He was the speaker, I was the writer. The trick was getting his speaking onto paper. This was one of my objectives in my first novels — putting into story what was happening on a daily basis with the man I married.
Then our boss brought it to a whole new level.
During a conference in Kenya, he asked us to write a book that would share with future generations, my husband’s love for Muslims, his knowledge of Islam and the Qur’an, and his gift for sharing the gospel of Christ. The idea was born for A Christian Guide to the Qur’an: Building Bridges in Muslim Evangelism.
Having the idea is one thing, fleshing it out was another.
We knew from the beginning that this was going to have to be a joint effort. He was a busy evangelist and teacher, constantly on the go. I was a busy mother of two active boys. How would we find the time?
We stole it — as we could for the next three years.
Remember, Raouf was the speaker, so how would we write this book? I’d sit at the computer, he would hold the Qur’an and page by page, sura by sura, he’d go through it, speaking out his thoughts on the verses that the Lord drew his way. He shared their significance and how to use them to build a bridge in future conversations with Muslims.
Once finished with this initial stage, I went back and worked in biblical passages and formed the paragraphs into something that would make sense to the average western reader. I added references and indexes. It was hard work.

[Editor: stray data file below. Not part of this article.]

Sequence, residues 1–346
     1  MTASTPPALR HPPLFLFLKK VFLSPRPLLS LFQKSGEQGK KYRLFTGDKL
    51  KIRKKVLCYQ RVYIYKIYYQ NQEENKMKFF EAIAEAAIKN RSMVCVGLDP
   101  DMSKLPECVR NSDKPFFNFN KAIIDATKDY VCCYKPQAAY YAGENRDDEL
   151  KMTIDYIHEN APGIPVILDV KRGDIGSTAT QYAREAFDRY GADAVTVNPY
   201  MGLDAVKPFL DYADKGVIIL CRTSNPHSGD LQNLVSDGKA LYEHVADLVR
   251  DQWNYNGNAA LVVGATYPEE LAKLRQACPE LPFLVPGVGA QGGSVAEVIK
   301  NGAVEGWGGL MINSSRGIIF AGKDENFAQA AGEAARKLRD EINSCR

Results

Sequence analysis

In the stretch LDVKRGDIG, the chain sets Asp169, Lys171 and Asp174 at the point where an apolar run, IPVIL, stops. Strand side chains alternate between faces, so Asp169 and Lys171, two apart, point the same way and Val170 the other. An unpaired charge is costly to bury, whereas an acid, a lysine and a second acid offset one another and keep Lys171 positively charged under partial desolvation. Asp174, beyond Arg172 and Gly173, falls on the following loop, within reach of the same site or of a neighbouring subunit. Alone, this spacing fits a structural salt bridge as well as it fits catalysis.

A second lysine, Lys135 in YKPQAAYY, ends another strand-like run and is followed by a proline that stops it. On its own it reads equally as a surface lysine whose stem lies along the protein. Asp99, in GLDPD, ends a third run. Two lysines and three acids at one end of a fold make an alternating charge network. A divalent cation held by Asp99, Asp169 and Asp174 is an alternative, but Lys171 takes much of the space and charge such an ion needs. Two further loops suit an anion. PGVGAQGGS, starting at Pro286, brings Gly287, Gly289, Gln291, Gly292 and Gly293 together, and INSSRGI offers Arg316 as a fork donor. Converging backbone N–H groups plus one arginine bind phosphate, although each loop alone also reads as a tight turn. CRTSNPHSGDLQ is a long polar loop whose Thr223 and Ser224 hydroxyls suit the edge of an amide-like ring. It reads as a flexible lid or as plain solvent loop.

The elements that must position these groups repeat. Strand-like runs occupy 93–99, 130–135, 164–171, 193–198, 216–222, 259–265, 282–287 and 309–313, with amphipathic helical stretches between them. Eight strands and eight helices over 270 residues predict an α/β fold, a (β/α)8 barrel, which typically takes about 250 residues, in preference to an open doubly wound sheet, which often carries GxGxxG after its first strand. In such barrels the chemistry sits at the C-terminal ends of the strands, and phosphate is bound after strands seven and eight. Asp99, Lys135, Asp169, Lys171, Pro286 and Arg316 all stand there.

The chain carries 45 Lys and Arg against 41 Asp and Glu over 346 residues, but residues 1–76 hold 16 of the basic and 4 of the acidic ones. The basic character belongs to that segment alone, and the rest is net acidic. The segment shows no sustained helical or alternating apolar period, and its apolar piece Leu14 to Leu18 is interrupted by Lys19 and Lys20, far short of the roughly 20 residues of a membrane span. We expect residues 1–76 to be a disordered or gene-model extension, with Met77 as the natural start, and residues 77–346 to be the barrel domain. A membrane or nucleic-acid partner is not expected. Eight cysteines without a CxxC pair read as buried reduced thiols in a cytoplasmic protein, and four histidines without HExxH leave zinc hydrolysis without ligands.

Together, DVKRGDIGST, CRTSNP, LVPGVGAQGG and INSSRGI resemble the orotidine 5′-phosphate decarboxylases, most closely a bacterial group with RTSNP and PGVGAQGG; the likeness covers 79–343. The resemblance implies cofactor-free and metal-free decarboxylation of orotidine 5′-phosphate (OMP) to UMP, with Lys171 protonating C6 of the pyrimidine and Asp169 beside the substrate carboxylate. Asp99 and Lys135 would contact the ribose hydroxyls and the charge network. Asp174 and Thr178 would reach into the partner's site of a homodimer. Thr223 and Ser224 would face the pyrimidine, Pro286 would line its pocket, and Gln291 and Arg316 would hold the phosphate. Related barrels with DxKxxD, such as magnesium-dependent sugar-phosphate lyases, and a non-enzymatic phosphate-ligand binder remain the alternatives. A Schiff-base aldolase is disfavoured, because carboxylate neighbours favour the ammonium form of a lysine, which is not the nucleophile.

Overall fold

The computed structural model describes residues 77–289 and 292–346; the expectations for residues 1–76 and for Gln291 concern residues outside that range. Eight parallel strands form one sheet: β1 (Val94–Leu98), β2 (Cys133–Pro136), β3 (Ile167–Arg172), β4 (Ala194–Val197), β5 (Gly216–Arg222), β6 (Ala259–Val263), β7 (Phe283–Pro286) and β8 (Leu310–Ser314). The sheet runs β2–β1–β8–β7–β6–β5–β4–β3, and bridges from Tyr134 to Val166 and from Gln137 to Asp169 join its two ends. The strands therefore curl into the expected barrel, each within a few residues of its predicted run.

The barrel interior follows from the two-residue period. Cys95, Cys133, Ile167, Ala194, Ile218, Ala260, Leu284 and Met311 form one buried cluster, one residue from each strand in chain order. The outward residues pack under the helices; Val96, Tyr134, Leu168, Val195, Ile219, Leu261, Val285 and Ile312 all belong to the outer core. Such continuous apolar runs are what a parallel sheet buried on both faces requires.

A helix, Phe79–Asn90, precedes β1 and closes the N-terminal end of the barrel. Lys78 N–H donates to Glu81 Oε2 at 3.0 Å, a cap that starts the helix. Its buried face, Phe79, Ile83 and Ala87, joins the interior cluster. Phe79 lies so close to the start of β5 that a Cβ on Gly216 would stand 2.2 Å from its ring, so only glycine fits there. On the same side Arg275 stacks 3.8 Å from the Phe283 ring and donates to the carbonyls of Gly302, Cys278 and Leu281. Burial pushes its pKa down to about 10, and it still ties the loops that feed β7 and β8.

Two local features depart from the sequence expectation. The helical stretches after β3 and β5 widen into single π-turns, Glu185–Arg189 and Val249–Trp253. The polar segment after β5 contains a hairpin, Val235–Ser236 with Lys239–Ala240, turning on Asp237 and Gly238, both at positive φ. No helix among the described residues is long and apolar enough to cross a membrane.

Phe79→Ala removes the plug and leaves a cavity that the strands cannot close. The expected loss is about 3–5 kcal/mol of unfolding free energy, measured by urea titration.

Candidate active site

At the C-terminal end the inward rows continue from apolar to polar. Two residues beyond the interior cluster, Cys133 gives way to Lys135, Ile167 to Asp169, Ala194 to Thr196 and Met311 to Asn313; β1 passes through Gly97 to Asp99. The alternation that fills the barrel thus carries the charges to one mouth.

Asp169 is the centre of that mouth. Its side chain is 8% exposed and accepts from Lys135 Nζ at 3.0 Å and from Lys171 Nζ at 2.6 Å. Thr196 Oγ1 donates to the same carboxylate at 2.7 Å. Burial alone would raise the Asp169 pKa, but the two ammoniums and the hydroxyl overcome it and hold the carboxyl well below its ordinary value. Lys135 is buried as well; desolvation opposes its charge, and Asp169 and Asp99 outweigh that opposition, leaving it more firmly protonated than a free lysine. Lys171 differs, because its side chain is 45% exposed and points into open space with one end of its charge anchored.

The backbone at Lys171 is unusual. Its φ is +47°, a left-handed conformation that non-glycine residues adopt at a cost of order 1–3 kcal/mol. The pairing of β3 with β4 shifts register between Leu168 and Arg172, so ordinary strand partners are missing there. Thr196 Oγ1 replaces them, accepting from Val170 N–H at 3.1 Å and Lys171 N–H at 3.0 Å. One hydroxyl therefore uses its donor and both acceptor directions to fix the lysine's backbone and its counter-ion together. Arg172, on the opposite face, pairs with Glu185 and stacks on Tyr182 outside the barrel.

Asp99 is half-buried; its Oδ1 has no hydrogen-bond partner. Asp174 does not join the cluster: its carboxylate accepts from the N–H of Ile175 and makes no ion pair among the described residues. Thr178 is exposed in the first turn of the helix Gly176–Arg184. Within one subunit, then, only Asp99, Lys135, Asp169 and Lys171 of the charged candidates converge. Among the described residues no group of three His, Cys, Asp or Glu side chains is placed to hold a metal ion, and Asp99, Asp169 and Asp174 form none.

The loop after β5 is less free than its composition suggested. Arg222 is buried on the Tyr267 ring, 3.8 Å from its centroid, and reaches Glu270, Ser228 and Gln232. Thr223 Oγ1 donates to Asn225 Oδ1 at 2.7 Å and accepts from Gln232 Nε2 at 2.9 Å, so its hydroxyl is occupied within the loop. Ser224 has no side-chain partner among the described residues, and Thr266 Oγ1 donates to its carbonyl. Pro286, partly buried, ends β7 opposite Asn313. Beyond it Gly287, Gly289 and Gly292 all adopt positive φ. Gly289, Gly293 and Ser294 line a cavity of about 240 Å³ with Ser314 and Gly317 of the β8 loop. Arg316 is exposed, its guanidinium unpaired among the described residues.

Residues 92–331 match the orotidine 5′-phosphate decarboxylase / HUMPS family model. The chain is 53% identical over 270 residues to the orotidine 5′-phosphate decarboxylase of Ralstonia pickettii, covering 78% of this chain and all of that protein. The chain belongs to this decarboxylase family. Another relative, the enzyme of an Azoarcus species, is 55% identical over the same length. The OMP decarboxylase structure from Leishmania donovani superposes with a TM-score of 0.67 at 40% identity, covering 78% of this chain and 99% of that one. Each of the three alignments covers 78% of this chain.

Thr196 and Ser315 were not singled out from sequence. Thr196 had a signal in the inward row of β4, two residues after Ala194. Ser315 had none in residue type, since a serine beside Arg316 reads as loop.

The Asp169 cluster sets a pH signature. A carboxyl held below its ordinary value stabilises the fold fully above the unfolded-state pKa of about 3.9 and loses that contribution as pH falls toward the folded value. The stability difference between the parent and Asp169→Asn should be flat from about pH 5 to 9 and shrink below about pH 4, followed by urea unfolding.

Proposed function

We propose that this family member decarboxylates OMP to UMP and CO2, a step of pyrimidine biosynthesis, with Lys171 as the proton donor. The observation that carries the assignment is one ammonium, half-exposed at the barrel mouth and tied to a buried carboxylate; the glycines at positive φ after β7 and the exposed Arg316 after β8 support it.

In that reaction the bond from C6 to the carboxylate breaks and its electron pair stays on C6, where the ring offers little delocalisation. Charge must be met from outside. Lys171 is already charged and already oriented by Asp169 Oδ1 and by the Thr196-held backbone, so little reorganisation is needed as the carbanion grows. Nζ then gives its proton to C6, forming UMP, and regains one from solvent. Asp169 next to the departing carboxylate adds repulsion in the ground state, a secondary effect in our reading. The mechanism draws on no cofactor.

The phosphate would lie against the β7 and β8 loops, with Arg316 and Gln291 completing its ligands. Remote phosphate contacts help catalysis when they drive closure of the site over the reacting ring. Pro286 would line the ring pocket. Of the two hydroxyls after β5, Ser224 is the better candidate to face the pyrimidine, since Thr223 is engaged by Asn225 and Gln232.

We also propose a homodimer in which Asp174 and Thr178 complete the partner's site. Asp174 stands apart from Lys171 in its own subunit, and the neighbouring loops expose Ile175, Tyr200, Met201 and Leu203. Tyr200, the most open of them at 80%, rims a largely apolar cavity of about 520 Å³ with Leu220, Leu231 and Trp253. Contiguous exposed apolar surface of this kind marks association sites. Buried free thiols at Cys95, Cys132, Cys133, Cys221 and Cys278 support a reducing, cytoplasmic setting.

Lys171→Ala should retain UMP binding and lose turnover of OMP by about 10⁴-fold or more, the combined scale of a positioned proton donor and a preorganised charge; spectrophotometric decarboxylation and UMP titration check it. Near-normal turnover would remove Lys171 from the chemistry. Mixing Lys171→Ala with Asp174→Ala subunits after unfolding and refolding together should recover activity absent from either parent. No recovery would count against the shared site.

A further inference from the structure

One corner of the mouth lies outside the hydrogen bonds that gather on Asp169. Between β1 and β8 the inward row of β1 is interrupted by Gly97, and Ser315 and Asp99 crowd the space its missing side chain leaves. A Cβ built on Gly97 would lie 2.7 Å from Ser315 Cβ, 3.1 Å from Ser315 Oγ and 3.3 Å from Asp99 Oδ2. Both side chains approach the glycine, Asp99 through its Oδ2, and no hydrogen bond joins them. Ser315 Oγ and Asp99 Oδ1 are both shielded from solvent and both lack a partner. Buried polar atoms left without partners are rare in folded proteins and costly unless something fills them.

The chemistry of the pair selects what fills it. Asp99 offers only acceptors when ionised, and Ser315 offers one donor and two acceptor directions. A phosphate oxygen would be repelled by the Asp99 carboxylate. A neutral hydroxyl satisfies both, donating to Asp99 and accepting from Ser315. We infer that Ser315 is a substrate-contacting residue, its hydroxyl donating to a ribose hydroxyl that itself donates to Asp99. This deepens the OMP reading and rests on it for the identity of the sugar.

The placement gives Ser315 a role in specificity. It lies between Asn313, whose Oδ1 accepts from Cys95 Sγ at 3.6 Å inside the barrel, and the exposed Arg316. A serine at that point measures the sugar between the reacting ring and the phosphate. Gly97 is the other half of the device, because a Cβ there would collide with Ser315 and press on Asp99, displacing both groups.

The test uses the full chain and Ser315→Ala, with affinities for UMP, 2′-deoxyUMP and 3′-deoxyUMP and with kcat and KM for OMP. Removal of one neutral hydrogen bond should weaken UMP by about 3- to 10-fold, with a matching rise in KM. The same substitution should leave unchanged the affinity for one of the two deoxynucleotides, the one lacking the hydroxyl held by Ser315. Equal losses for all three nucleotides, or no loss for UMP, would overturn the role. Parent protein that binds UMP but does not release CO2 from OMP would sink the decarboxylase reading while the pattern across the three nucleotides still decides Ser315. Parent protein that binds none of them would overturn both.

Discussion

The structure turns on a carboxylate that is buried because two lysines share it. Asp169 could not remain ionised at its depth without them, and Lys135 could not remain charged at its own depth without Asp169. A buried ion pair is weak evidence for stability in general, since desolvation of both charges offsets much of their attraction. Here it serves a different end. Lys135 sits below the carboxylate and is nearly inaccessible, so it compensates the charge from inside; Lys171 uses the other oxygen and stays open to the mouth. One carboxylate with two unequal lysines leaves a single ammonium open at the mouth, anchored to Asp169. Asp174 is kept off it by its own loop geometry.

Someone in our organization had a connection with a publisher, and from that connection came the proposal, which they accepted. We met a need for the market. Nothing had been written like this before, going chapter by chapter through the Qur’an and providing ways to share Christ. It was new and different.
While Raouf’s part of the writing process was basically done, mine was not, as I spent another year in the editing process. Emails went back and forth between our editor, proofs were read and re-read.
Publishing your work is not for the faint-of-heart, as you will face criticism and rewrites galore. For me, this is the hardest part of writing — rewriting. I liked it the way it was the first time, when I had all my inspiration behind me. Now I just have circles under my eyes and caffeine to keep me going.
Yet, the process does eventually end, and like childbirth, you somehow forget the pain when you hold that first book in your hand. Unfortunately, unlike childbirth, the pain lasts a lot longer!
This book was published in 2009. Now ten years old, which is considered old in the publishing world, I’m happy to say it is still used in seminaries and Bible colleges, as the material remains relevant in missions and evangelism.
So, find your niche and persevere, but remember — no pain, no gain. To God be the glory.
Grace and Peace